The government rounded up as many as 30 million birds last winter from "backyard" farms around the country and placed a ban on domestic breeding that only expired with the beginning of summer. But while the ban found partial success in urban centers, few complied in rural governorates since raising poultry often constitutes citizens' lone source of income. Egypt is home to an estimated 1.5 million poultry farmers. WHO estimates Egyptians rely on poultry for 60 percent of their animal protein intake.
Talib Ali, regional animal health and production officer for the Food and Agriculture Organization [FAO], says the actual number of bird flu cases in poultry may be higher. The new avian flu cases, he says, are reported by the government's Central Poultry Laboratory, which collected 2800 random samples from 9 governorates. An effective survey, he says, must be conducted on a wider scale and be accompanied by fair compensation for poultry owners whose chickens are destroyed. Ali says the government allocated just LE 50 million [USD 8.73 million] for compensation for 30 million culled chickens. A fair system needs to set aside at least LE 500 million for compensation, he says. Last year's outbreak of the disease raised poultry and egg prices by as much as 200 percent. Prices have since dropped gradually but have not reached pre-flu levels. Egypt's bird-flu statistics, in humans and animals, are available at the State's bird-flu web-site <http://birdflu.sis.gov.eg/html/flu01001.htm>.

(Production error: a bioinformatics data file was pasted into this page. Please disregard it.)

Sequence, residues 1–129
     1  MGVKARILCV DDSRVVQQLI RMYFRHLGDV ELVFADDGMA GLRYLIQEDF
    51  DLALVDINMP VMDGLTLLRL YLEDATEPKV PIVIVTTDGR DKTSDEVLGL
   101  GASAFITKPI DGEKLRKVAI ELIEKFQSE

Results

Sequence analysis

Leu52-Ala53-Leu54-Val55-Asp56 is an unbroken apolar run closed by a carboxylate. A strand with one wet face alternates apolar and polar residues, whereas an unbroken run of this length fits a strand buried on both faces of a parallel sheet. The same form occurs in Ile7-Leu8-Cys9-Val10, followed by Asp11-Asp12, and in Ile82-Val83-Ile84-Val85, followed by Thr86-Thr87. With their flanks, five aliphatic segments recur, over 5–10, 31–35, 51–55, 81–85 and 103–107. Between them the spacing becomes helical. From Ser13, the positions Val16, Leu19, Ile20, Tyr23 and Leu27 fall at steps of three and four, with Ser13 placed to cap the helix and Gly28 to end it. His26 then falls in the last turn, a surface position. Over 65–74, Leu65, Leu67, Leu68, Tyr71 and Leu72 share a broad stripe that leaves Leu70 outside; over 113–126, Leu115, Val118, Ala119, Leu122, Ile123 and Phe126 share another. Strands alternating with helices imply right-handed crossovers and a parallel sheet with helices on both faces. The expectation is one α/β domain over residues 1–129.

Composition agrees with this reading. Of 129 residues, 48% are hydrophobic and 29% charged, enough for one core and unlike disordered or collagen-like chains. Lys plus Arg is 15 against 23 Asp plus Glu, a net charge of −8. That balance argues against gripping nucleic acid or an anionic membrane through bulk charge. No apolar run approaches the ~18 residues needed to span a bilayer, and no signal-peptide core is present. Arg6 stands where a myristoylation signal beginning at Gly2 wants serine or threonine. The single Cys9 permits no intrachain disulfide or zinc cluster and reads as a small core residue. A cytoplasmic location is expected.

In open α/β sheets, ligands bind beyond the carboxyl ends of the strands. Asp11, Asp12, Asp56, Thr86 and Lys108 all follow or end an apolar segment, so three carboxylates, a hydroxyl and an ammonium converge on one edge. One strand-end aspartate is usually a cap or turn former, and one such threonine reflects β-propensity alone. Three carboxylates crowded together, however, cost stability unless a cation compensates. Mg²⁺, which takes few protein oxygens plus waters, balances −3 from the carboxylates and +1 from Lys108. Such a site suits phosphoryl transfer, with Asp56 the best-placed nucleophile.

Avian/Pandemic influenza updates
- WHO: http://www.who.int/csr/disease/avian_influenza/en/index.html.
- UN FAO: http://www.fao.org/ag/againfo/subjects/en/health/diseases-cards/special_avian.html. Read the article: “Support for governance relating to the prevention and control of animal diseases: the OIE takes another step forward” and the editorial from the D.G.: “The OIE recognition of country sanitary status for freedom from diseases”.
- OIE: http://www.oie.int/eng/en_index.htm. Basic information about the upcoming conference (20-22 Mar 2007), “Vaccination, a tool for the control of avian influenza” is available.
- The US government’s web site for pandemic/avian flu: http://www.pandemicflu.gov/.
- Health Canada: information on pandemic influenza: http://www.influenza.gc.ca/index_e.html. Information on avian influenza: http://www.hc-sc.gc.ca/dc-ma/avia/index_e.html.
- CIDRAP: http://www.cidrap.umn.edu/. Frequently updated news and journal articles.
- PAHO: http://www.paho.org/English/AD/DPC/CD/influenza.htm.
- American Veterinary Medical Association: http://www.avma.org/public_health/influenza/default.asp.
- US Geological Survey, National Wildlife Health Center Avian Influenza Information: http://www.nwhc.usgs.gov/disease_information/avian_influenza/index.jsp.
(WHO; FAO, OIE; CDC; Health Canada; CIDRAP; PAHO; AVMA; USGS)
Cholera, diarrhea & dysentery
USA (South Dakota)
The DOH has come under some pressure this year because the outbreak has exceeded the maximum targets set at the beginning of Oct 2006 of "under 500 dengue fever cases and zero deaths from the disease." The DOH has already pooled the resources of local and central governments to assist in disinfecting and spraying pesticides in affected areas. Incentives to report dengue fever cases will be in place from now to the end of the year. An outpatient doctor who reports a dengue fever case will be rewarded TWD 1000 [USD 31], while an inpatient doctor be awarded TWD 3000 [USD 92] for every case reported.